Decoding G9a histone methyltransferase: The role of G9a in H3K9 methylation and regulation of its own alternative splicing
Chromatin modifications are closely linked to alternative splicing with functional consequences for varying differentiation programs. G9a is a catalytic SET domain-containing protein that localizes to euchromatic histone for the methylation of H3 lysine 9 and it exists as two isoforms through the differential splicing of exon 10 (E10). Euchromatic H3K9 methylation, which has been linked to the HMTase domain of G9a, leads to suppressed transcription levels of developmental genes such as Mage-a. Fiszbein et al. demonstrate that G9a HMTase activity on its chromatin indirectly enhances E10 inclusion in its transcript, thereby regulating alternative splicing of its own transcript. By regulating its own alternative splicing, G9a promotes neuron differentiation and creates a positive feedback loop that bolsters cellular commitment to differentiation.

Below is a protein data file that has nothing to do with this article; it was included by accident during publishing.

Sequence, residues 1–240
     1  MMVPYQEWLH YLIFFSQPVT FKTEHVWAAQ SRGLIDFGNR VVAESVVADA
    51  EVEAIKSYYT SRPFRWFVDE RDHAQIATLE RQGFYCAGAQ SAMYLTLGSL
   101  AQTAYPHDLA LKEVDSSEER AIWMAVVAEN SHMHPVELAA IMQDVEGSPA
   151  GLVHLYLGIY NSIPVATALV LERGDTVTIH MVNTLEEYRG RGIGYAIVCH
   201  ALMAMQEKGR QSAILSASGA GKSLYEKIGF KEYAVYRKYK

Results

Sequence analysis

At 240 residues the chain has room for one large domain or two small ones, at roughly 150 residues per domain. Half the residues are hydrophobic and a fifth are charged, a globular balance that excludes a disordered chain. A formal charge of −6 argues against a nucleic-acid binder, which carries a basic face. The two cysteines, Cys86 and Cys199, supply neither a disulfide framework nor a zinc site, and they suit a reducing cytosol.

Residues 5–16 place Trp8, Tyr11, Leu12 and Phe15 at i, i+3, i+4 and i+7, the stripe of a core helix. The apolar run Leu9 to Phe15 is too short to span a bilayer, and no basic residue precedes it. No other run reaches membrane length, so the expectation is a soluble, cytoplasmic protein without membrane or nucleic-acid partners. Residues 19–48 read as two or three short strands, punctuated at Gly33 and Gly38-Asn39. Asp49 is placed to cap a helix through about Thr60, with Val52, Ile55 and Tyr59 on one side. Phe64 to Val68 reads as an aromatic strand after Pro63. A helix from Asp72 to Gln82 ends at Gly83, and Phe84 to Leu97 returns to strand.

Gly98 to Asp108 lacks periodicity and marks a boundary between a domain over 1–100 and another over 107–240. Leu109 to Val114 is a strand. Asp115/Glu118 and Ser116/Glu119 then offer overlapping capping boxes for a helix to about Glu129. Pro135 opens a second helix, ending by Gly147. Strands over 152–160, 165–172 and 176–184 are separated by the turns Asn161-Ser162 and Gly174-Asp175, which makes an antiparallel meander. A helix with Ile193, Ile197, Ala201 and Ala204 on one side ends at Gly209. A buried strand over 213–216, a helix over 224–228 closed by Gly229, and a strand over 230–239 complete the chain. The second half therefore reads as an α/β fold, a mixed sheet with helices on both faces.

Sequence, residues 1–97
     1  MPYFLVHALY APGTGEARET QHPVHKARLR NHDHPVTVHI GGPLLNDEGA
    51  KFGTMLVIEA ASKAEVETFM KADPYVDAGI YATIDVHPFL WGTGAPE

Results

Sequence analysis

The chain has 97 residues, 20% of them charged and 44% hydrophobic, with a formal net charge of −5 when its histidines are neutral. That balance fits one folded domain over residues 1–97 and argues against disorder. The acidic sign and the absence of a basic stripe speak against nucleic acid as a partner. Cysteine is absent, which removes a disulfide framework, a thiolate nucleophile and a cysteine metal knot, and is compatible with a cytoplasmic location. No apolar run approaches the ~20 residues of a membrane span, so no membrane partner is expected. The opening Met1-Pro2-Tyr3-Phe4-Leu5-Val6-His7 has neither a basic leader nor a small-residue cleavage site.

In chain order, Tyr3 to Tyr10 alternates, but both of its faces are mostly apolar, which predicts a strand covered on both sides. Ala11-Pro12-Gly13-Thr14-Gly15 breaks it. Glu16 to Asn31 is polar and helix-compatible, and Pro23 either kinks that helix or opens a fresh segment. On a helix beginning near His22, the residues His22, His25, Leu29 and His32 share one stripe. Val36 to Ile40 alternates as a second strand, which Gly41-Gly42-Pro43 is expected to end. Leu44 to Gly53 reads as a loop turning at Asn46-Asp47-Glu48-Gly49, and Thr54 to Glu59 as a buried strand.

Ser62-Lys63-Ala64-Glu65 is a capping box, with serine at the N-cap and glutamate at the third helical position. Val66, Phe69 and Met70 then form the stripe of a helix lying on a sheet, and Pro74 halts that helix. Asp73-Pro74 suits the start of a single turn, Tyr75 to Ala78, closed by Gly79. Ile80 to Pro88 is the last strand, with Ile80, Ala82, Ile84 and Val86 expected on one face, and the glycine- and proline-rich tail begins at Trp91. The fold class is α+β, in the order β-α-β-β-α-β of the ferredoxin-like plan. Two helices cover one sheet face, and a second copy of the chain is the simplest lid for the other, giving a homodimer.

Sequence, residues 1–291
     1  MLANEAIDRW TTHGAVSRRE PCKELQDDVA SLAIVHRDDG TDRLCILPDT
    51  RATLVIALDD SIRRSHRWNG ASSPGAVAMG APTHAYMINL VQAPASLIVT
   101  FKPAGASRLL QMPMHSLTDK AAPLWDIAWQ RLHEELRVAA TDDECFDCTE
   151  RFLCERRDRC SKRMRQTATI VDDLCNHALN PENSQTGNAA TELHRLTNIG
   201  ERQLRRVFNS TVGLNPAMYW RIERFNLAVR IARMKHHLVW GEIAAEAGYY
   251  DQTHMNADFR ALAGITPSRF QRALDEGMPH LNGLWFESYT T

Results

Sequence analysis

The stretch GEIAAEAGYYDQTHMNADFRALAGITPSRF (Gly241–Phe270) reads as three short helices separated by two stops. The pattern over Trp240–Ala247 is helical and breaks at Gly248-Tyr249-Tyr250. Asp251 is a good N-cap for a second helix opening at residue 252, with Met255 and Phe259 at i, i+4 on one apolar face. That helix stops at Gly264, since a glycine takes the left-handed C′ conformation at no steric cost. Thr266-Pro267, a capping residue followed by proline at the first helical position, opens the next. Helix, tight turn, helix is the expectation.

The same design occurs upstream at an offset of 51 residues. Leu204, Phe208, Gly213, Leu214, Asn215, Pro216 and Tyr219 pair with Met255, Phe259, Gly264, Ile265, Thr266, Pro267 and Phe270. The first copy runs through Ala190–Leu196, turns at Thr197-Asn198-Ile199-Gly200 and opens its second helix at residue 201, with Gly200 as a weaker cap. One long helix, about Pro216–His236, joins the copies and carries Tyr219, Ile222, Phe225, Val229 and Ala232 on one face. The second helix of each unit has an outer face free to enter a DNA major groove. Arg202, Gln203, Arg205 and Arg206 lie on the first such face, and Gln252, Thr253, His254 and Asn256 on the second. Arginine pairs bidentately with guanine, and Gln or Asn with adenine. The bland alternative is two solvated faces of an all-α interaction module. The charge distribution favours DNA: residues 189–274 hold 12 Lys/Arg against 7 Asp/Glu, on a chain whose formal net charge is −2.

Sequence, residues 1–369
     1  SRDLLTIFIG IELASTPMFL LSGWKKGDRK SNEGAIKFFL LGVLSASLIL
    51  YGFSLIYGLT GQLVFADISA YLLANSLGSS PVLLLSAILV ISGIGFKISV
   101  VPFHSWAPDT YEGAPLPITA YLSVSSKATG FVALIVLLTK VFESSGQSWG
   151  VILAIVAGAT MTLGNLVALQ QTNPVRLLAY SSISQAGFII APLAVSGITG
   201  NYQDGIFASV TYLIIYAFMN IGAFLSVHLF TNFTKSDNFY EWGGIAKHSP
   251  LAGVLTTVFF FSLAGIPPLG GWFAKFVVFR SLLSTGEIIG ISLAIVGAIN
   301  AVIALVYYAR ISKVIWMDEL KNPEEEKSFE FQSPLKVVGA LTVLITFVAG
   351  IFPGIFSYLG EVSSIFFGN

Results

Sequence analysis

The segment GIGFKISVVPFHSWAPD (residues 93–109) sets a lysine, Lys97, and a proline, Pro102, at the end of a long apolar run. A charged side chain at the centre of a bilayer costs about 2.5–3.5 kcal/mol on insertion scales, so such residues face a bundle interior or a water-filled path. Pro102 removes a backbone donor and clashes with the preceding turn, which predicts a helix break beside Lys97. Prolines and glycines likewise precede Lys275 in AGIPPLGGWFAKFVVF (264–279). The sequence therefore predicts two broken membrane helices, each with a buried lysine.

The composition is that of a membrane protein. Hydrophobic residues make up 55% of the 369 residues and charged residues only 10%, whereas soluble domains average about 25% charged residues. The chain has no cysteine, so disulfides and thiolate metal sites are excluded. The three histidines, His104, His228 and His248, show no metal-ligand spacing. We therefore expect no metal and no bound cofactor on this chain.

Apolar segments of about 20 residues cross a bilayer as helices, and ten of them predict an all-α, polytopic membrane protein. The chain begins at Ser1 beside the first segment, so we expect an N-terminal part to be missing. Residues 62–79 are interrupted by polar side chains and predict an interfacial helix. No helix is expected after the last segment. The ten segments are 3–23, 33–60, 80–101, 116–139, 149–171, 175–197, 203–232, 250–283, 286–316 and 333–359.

Dynamic chromatin structure allows the eukaryotes to regulate DNA processes in response to various stimuli and circumstances. As a result, factors the affect the formation of chromatin, like acetylases and methylases, have significant consequences for understanding and manipulating specific DNA processes. Histone methylation has been linked to a diversity of functions such as heterochromatin formation, X-chromosome inactivation, and transcriptional regulation. Due to their crucial role in epigenetic regulation, enzymes involved in histone modifications have recently gained scientific interest to understand diseases such as fetal alcohol spectrum disorders. Recent identification of several histone methyltransferases (HMTases) presents opportunities to refine our understanding of the biological implications of these chromatin modifications and potentially develop therapeutics in response.
In mammalian HeLa cells, lysines 4, 9, and 27 of H3 and lysine 20 in H4 are methylated (Tachibana et al., 2001). Suv39 was the first identified lysine-preferring mammalian HMTase that acts upon lysine 9 of H3. Suv39 family proteins are part of the SET domain-containing protein families and also possess a chromo-domain, a chromatin regulator motif. In light of this discovery, G9a, another SET domain-containing protein with a chromo-domain, has been previously identified as another candidate for H3K9 methylation (Tachibana et al., 2001). Tachibana et al. found nuclear localization of G9a to be different from Suv39, which primarily localizes to repressive chromatin domains, suggesting that G9a has a biologically distinct role from that of Suv39.